December 28

Trans fat deadline

3  comments

As of January 1. 2006 the new federal trans fat labeling laws go into effect. A number of questions have swirling around what the labeling laws actually mean. An article in today’s New York Times answers a number of them.
Many people are under the impression that as of this Sunday every food on grocer’s shelves will have the trans fat content on its label. Not the case. The new law requires that any new labeling done after that date have the trans fat content listed. Many manufacturers have countless labels already printed that it will be perfectly legal to use until they run out and have to reprint.

Although some companies won’t have the new listing on labels until they use remaining label stock, most have made the change. F.D.A. officials said the agency will contact companies that aren’t properly labeling products…

What can you do if you see a product that you know contains a trans fat but isn’t labeled as such?

If consumers see an improperly labeled product, the F.D.A. recommends that they take a direct approach. “They might want to call the companies themselves,” said Dr. Barbara Schneeman, director of the F.D.A.’s office of nutritional products, labeling, and dietary supplements.

Good luck.
If the label lists trans fats, it’s obviously complying with the new law. If it doesn’t have a listing for the category Trans fats, then the company is still using the old labels.
What about restaurants? Do they have to list trans fats on their nutritional labeling?
Nope.

The F.D.A. regulations don’t cover restaurant food, much of which is fried in oils that contain trans fat or are prepared with it.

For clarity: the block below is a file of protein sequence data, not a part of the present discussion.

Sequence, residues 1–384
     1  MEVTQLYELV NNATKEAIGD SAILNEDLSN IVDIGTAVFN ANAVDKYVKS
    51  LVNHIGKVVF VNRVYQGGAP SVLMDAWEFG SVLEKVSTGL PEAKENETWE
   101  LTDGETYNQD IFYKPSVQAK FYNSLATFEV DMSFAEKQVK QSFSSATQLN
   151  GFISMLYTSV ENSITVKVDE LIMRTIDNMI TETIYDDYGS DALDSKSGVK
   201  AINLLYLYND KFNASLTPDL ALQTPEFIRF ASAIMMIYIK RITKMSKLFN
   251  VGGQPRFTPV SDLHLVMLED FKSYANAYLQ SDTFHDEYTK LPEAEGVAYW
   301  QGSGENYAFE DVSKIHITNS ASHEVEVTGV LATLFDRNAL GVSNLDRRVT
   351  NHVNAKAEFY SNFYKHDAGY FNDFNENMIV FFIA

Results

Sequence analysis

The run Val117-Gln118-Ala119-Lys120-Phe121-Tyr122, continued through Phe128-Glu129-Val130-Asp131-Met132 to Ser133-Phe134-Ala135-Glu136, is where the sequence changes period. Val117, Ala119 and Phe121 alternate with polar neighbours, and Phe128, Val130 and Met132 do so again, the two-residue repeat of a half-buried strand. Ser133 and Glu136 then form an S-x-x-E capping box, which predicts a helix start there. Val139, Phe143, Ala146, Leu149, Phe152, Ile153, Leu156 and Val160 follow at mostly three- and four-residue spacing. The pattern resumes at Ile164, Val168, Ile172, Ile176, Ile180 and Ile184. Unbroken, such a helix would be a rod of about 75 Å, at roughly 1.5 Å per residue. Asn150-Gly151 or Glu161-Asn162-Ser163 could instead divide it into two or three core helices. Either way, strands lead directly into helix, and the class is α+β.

As far as I’m concerned, the best way to avoid trans fats is to avoid processed food altogether and limit your forays into the restaurant world. I’m a firm believer that the single best thing you can do for your health is to spend more time in your own kitchen.


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  1. Hi Doc…I really enjoy your blog.
    I was doing some shopping this morning…and came across a product with the trans fat label. It was a lo carb coffee creamer. However, thanks to you and Mary Dan, I have learned to read labels….and this supposedly non trans fat product has listed partially hydrogenated oils.
    Hmmmmm….very curious….
    Isn’t that a trans fat?

  2. Completely Off-topic:
    I’ve read through all the archives on here but really didn’t see much addressing the actual carbs in “low-carb” except the passing mention of your typical low-carb fruits.
    It’d be great to get more insight on the good carbs from time to time and also address the issue of getting enough fiber for a healthy digestive system.
    Just a couple suggestions. Thanks for the great reads!

  3. If the product contains less than a gram of trans-fats per serving, they can round down to zero. You still need to check the ingredients, because the food companies will play games with unrealistic serving sizes to get to that zero transfats label.

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